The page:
BLOG: How Burnout Puts Radiology at Risk
Pressed to do more, some radiologists are burning out. And the problem may be getting worse.
In 2011, about half of radiologists reported being burned out, according to the American College of Radiology (ACR). Three years later that rate had jumped even higher to about 60 percent, according to the ACR.
Since then, burnout has continued to concern radiologists. And for good reason. A paper published April 2016 in the Journal of the ACR warned that burnout is not only prevalent but could result in errors affecting patients, premature retirement, even thoughts of suicide.
Keith Hentel, M.D., executive vice chairman of the department of radiology at Weill Cornell Medicine and NewYork-Presbyterian in New York City, emphasized in an interview with Imaging Technology News (ITN) that burnout is not specific to radiology. “It is a big problem that affects many physicians in every specialty,” Hentel said.
Rads At Risk
But radiologists may be particularly susceptible. In January 2018, the American College of Radiology stated that “radiology professionals are at greater risk for burnout than most other physicians.” In 2015, the ACR stated that the “burnout rate is greater (for) diagnostic radiologists than the mean for all physicians.”
In its 2018 statement, the ACR identified a number of practices specific to radiology that make physicians in this specialty particularly vulnerable. These include:
- isolation in the reading room environment; and
- productivity demands.
Work overload is commonly cited as an underlying cause of burnout. But workload may not be the root cause in radiology, Hentel said. “Burnout is not inherent to reading more cases or even working more hours to read those cases,” he said. “In radiology it may be more that you can’t take the amount of time you need to provide the kind of care you want to provide.”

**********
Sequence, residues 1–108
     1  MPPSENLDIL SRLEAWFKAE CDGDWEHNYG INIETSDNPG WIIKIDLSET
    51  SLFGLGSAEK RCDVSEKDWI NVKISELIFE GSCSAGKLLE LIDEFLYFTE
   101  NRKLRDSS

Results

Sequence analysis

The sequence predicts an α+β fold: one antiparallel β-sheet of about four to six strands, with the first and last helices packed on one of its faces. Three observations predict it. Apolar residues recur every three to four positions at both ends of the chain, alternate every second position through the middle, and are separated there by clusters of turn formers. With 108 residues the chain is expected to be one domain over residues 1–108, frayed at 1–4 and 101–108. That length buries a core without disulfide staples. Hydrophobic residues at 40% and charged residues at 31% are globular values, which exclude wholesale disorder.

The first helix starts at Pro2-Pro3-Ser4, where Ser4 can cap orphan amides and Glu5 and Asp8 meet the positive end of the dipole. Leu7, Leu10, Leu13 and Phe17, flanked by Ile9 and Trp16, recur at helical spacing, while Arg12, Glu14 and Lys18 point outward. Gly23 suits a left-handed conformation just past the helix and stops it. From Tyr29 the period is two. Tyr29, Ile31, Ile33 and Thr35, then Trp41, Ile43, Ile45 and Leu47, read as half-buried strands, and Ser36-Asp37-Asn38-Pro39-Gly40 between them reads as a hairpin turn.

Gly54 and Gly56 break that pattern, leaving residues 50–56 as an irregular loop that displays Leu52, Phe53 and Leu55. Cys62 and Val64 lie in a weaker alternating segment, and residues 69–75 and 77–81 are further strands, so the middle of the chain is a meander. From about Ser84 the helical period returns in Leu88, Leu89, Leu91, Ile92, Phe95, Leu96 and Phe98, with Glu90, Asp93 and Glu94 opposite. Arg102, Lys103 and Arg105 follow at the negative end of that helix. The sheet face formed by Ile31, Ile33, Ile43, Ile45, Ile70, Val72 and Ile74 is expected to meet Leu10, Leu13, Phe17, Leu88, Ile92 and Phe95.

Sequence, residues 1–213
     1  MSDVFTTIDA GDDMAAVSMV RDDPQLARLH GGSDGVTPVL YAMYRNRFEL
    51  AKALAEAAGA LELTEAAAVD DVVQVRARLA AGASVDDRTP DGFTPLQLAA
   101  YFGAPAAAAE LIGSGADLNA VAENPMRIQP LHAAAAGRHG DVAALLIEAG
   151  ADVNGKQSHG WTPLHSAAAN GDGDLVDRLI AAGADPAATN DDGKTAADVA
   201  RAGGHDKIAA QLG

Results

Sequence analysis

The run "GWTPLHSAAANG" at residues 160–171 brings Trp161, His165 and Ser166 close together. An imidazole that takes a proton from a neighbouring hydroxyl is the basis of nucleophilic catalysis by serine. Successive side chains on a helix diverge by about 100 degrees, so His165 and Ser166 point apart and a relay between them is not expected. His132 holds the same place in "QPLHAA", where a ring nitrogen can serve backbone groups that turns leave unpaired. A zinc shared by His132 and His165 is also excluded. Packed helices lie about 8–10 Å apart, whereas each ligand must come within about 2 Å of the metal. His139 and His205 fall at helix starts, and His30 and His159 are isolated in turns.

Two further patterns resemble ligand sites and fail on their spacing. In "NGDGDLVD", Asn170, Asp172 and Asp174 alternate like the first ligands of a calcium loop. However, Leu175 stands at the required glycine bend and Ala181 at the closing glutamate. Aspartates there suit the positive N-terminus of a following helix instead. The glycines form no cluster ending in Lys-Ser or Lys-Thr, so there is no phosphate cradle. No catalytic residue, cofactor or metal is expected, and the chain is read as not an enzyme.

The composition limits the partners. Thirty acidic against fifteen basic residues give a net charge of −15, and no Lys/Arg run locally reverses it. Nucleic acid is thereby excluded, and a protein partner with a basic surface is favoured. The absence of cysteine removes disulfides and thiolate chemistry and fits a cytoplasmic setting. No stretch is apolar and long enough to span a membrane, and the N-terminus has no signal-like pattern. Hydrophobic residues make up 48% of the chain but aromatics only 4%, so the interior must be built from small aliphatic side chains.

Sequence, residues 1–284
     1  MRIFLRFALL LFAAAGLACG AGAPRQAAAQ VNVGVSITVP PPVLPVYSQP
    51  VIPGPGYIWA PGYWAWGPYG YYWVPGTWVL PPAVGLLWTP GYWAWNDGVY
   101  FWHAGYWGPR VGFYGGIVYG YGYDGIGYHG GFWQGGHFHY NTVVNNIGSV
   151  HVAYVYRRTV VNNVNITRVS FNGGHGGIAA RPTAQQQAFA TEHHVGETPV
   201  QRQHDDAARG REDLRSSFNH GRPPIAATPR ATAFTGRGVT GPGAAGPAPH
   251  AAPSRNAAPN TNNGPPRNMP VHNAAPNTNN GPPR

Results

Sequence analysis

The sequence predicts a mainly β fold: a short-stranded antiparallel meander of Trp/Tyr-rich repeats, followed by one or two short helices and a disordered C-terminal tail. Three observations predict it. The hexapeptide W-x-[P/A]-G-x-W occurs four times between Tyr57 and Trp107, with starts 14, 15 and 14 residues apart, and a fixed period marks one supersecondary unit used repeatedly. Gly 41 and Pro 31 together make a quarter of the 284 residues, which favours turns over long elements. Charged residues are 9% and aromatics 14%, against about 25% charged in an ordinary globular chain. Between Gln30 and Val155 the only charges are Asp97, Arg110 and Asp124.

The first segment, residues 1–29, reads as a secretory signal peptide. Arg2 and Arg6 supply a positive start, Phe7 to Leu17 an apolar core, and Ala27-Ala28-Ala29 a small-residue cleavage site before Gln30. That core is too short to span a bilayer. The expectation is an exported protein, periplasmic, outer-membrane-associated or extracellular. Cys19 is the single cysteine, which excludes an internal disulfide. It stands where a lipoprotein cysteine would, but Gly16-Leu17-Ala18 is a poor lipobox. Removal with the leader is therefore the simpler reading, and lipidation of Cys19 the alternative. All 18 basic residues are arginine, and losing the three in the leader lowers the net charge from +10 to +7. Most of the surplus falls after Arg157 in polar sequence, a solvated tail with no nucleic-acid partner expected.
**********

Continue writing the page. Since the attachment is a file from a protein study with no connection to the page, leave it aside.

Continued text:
While the underlying cause of the problem is debatable, there is consensus that artificial intelligence may provide at least a partial solution. AI could perform some repetitive tasks otherwise done by radiologists, Hentel said, “letting us focus on what we do best.”
As a way to address burnout, the ACR has proposed practices that would “help its members find joy and meaning in their work.” These include:
- reducing processes that create stress; as well as
- improving efficiency and support.
These might be achieved by hiring more people or through software that integrates AI into the workflow, software that senses the need for certain smart algorithms and triggers their function.
Invisible to radiologists, this technology would work in the background, automatically running applications that would make radiologists’ jobs easier and faster to do. It would govern the many smart algorithms that might simplify tasks radiologists would otherwise perform and streamline workflow, for example, by organizing worklists according to such radiology subspecialties as neuroradiology or body CT and then triaging them.
An example of that software is scheduled to debut at RSNA 2019 in the GE Healthcare booth (McCormick Place South Hall 4133). Called the “Edison Open AI Orchestrator,” it has been designed to operate smart algorithms that might save radiologists time. The software is being positioned as an intermediary between the radiologist and smart algorithms, according to Karley Yoder, GE Healthcare Vice President and General Manager of AI, who estimated that a dozen or more different solutions, all with their own operating instructions, are being groomed by her team as intelligent assistants to help reduce the burden being put on radiology professionals.
Orchestrator allows “AI solutions to deliver their findings in a uniform way to the radiologist,” she said, “so radiologists can just focus on the insights and the information delivered by the AI.”
The Open AI Orchestrator would work with smart algorithms regardless of whether they were built by GE Healthcare or a third-party partner of the company. And, by working invisibly in the background, the company’s solution would eliminate the need for radiologists to learn how to operate the different packages of AI software.
“To be useful, the technology should help radiologists do their jobs faster and better than how they are doing them today,” Yoder said. “They shouldn’t even feel that it exists.”
Editor’s Note: This is the first in a four-part series about radiologist burnout and how artificial intelligence might be used to combat it.